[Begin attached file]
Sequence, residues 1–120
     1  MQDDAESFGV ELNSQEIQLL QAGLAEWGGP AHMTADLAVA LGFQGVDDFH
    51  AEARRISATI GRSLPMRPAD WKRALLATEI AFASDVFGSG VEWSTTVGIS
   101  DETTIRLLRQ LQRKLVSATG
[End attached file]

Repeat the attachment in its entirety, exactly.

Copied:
Sequence, residues 1–120
     1  MQDDAESFGV ELNSQEIQLL QAGLAEWGGP AHMTADLAVA LGFQGVDDFH
    51  AEARRISATI GRSLPMRPAD WKRALLATEI AFASDVFGSG VEWSTTVGIS
   101  DETTIRLLRQ LQRKLVSATG